BUFFALO, NY (WKBW) — It was back to the bargaining table for both sides in the Mercy hospital strike Tuesday.
CWA Local 1133 and Catholic Health resumed face to face negotiations for the first time since early last Friday.
Both sides meeting with at the Gateway Building in Hamburg.
At 6 p.m. the CWA provided an update, but no deal had been reached.
“The union is committed to working as long as it takes to reach an agreement,” stated Erin Spaulding, CWA staff representative. “We’re just going to keep bargaining.”
The union and Catholic Health meeting behind closed doors all day.
Spaulding says discussions center around core issues, such as staffing, health care and wages.
“Our goal is to work is too just to work as hard as possible to reach an agreement as quickly as possible with Catholic Health,” said Spaulding.
The union says the biggest issue is staffing and nurse to patient ratios.
“We just want to make sure our hospital is safe for our employees and for patients,” replied Spaulding. “We’re proposing fixed ratio and a commitment on staffing. Their proposal is about targets and it’s not about fixed ratios.”
Outside the hospital striking workers continue on the picket lines and received a big boost of support from the teachers union.
“Shame, shame, shame,” chanted strikers.
The striking Mercy Hospital workers continue pounding their message from the picket lines — demanding Catholic Health listens to their pleas for safe staffing.
New York State United Teachers (NYSUT) joined their effort traveling from Albany to support their union brothers and sisters
“The way you thank health care professionals is to provide iron clad staffing levels that are safe,” stated Joelen Di Brango, executive Vice President, NYSUT.
West Seneca teacher and local NYSUT leader Joe Cantafio also spoke at a rally at the picket lines.
Cantafio says his mother was rushed to Mercy last December and COVID prevented the family from being with his mother in her final hours and praised the hospital workers for being with her.
“You know who held her hand and prayed with her during her last hours on this earth — these people right here these are the people we counted on,” declared Cantafio.
Buffalo Teachers Federation president Phil Rumore also joined the rallying cries.
Rumore says he's calling on the local, state and federal government to conduct an audit on why some of the leaders at catholic health make so much money.
“This is a disgrace that the people are making millions of dollars sitting behind a desk — not doing a damm thing to save people lives but making people come out here and beg for a a decent salary and for decent conditions. for the patients,” explained Rumore.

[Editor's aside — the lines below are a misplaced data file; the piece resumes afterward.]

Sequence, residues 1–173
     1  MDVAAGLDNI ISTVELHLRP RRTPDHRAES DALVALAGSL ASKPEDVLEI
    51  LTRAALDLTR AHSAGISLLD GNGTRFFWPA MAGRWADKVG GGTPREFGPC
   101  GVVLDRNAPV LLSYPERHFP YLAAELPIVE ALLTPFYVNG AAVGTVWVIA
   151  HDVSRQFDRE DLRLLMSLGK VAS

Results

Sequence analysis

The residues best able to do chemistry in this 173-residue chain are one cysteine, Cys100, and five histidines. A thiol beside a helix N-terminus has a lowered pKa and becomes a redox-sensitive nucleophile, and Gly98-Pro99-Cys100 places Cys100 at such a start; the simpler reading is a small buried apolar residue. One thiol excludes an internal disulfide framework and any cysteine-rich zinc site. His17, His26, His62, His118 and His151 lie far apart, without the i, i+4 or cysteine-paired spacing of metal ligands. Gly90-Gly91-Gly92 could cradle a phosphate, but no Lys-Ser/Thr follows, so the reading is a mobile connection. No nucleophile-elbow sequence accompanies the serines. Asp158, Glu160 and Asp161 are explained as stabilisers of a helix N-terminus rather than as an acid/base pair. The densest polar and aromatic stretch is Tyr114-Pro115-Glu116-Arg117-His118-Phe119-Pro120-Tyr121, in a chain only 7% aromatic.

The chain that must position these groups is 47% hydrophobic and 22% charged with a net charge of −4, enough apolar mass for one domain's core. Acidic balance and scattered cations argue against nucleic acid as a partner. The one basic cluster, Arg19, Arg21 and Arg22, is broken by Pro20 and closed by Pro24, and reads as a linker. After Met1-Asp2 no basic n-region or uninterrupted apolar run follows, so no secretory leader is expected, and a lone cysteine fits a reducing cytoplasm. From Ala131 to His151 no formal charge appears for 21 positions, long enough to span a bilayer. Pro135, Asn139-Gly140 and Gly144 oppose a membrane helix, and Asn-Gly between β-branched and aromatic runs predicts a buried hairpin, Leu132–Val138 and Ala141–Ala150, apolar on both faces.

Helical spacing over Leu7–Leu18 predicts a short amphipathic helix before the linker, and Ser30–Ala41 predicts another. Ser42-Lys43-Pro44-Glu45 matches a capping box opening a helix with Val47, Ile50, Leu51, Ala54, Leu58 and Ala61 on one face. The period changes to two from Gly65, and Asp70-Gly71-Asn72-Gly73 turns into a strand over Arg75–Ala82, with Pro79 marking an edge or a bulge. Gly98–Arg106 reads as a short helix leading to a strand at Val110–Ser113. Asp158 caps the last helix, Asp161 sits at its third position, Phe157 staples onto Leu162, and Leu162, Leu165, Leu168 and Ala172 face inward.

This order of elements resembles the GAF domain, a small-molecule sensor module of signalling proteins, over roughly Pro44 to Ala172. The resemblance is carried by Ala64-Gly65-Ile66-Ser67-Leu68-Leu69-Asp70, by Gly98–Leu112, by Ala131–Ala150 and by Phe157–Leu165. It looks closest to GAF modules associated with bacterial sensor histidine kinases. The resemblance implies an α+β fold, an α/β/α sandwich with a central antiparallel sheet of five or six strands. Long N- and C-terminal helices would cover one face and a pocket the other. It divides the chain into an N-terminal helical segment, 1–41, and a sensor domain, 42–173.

CWA director Debora hHayes says the number one priority is negotiate a fair contact that will alleviate the staffing crisis.
Some striking workers tell 7 Eyewitness News there are times the are 30 patients to one nurse.
Catholic Health CEO Mark Sullivan says the latest proposal would add between 150 and 230 new positions with a commitment of adding $20-million to the staffing plan.
But in an interview with Politico Hayes stated that workers rejected what she calls an inadequate offer that did not include minimum staffing ratios.
Catholic Health issued a statement Tuesday night saying both sides had " a productive, in-person discussion today regarding staffing."
“The chief nursing officers (CNOS) from Kenmore Mercy Hospital, Mercy hospital and Sisters of Charity Hospital, St. Joseph Campus, participated in today’s bargaining session and addressed questions the union had about the staffing proposal catholic health presented last week. The CNPS also offered additional insight and perspective about hospital staffing.”
“Staffing is a challenge facing all healthcare providers in buffalo, new york and across the nation,” Joann Cavanaugh said. “Some reports show that, throughout the country, nearly one in five healthcare workers have quit their jobs during the pandemic. the staffing concerns our associates have shared are not unique to Catholic Health. we share their frustration, which is why we continue to aggressively recruit staff to catholic health and are discussing new ideas with the union to address this ongoing issue.”
Catholic Health said the proposal is $33 million wage and benefit package.